Bangor Stone Ware pieces recently donated to the museum will be exhibited Aug. 26 in the Farnsworth General Store on site. Andrew (Anders) Persson founded the Bangor Stone Ware Company, which operated between 1880 and 1917. Oyster jars from Alfred Jones’ Sons are part of the collection. In 1924, the Maine Experiment Station of the University of Maine examined oysters from 98 markets and dealers across the state, says museum director Patricia Henner.

People also are invited to explore the Page Farm and Home Museum from their homes. They can test their knowledge about artifacts in the Whatz-It challenge, try Depression-era recipes — including Lumber Camp Molasses Doughnuts — from Brownie’s Kitchen, and choose activities for K–2 Home Learners. A virtual gallery tour of the Early American Decoration Collection is on tap. And if school field trips aren’t feasible this fall, virtual tours via Zoom will be added.

Etching of firefighters
Winslow Homer, “Eight Bells,” 1887, is included in the “Maine Inspired: Art Luminaries at the Bicentennial” exhibition at Zillman Art Museum. The etching on paper is a gift of Adeline F. and Caroline R. Wing.

The Zillman Art Museum, formerly the University of Maine Museum of Art, has three new exhibitions open from 10 a.m. to 5 p.m. Tuesday through Saturday, at 40 Harlow St. in downtown Bangor. 

Fifteen visitors are permitted in the museum at a time, and as many as four people are allowed simultaneously in each gallery. Group tours are currently not offered.

“Maine Inspired: Art Luminaries at the Bicentennial”; Being Here: Marcie Jan Bronstein”; and “Wood Nymphs: JoAnne Carson” are on display through Dec. 23.

“Maine Inspired: Art Luminaries at the Bicentennial” showcases artists who have contributed to the cultural fabric of the state and whose pieces are internationally lauded. The exhibition showcases an assortment of works from the ZAM collection, including prints by Winslow Homer; watercolors and etchings by John Marin; watercolors by Andrew Wyeth; photographs by Berenice Abbott; and contemporary pieces by Alex Katz.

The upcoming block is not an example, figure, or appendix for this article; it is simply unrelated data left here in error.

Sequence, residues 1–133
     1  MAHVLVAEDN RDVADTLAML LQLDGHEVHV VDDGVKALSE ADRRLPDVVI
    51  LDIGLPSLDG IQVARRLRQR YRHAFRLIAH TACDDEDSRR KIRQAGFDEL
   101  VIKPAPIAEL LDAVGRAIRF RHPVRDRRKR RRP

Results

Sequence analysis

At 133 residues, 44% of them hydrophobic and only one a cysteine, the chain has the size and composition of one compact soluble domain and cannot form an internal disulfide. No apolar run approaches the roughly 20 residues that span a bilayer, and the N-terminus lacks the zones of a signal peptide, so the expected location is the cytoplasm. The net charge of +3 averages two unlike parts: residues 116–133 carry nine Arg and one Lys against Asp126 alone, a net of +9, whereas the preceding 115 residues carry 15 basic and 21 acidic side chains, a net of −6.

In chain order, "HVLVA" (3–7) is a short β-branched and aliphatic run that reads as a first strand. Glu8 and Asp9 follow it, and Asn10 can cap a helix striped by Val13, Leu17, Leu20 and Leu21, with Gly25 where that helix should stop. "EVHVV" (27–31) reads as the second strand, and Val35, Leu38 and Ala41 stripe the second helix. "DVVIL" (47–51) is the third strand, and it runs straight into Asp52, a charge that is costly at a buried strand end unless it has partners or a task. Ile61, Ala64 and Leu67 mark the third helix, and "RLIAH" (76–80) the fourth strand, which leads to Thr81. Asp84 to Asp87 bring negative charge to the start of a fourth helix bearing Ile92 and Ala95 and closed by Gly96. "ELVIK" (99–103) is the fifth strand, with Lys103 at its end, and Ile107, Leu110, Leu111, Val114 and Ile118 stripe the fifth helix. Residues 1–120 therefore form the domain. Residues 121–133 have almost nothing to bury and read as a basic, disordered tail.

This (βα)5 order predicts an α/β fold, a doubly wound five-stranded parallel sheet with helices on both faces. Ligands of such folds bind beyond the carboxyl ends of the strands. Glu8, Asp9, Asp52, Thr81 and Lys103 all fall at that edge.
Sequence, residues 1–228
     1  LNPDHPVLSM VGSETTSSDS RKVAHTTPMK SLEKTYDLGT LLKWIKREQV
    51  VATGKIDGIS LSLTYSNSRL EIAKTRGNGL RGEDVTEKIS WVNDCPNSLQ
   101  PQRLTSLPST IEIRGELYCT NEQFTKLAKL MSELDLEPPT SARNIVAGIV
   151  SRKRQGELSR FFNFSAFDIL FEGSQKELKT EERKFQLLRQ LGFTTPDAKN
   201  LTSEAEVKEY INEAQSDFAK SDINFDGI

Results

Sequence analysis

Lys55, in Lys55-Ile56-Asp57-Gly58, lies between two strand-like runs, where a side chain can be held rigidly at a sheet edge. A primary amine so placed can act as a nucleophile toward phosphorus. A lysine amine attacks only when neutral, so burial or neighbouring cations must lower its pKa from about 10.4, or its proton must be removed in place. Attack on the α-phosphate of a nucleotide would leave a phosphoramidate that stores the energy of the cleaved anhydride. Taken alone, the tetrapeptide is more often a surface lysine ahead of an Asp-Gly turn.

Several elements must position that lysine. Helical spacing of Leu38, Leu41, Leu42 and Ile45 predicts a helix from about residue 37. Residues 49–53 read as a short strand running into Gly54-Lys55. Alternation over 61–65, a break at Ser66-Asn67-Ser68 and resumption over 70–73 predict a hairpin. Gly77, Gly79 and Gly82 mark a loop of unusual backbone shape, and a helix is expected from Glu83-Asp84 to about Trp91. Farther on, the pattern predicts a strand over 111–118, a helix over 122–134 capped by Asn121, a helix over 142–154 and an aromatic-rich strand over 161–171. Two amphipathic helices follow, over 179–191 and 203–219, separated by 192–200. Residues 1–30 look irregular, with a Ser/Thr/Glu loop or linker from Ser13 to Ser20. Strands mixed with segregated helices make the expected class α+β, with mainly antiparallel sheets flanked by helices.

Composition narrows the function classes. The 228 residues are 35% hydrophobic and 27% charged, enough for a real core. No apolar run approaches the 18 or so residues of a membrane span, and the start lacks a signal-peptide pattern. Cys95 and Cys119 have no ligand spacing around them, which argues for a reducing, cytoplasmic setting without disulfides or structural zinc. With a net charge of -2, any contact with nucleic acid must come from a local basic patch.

“Being Here” features a stunning selection of watercolor compositions by Marcie Jan Bronstein, and “Wood Nymphs” includes drawings and large-scale sculptures by JoAnne Carson. 

Visit the website to learn more about these exhibits, as well as about ZAM’s mission, history and educational resources, and to view past exhibits.

Laurie E. Hicks, “Folio VI,” 2020, photograph, is part of the “Featured Faculty/2020” exhibition at Lord Hall Gallery.

When Lord Hall Gallery reopens Monday, Aug. 17, “Featured Faculty/2020” will be exhibited until late September or early October. 

Photography, sculpture, ceramics, paintings and prints will present a sampling of the research and creative accomplishments of studio, art history and art education faculty members John Eden, Michael Grillo, Susan Groce, Laurie E. Hicks, James Linehan, Ed Nadeau, Gregory Ondo and Ellen Roberts. 

The gallery is open 8:30 a.m. to 4:30 p.m. Monday through Friday. 

Fifteen people will be allowed in the gallery at a time and signs will be in place to guide visitors, said professor of art history Justin Wolff. If the gallery is at maximum capacity, visitors will add their names to a waitlist at the Department of Art office. 

Contact: Beth Staples,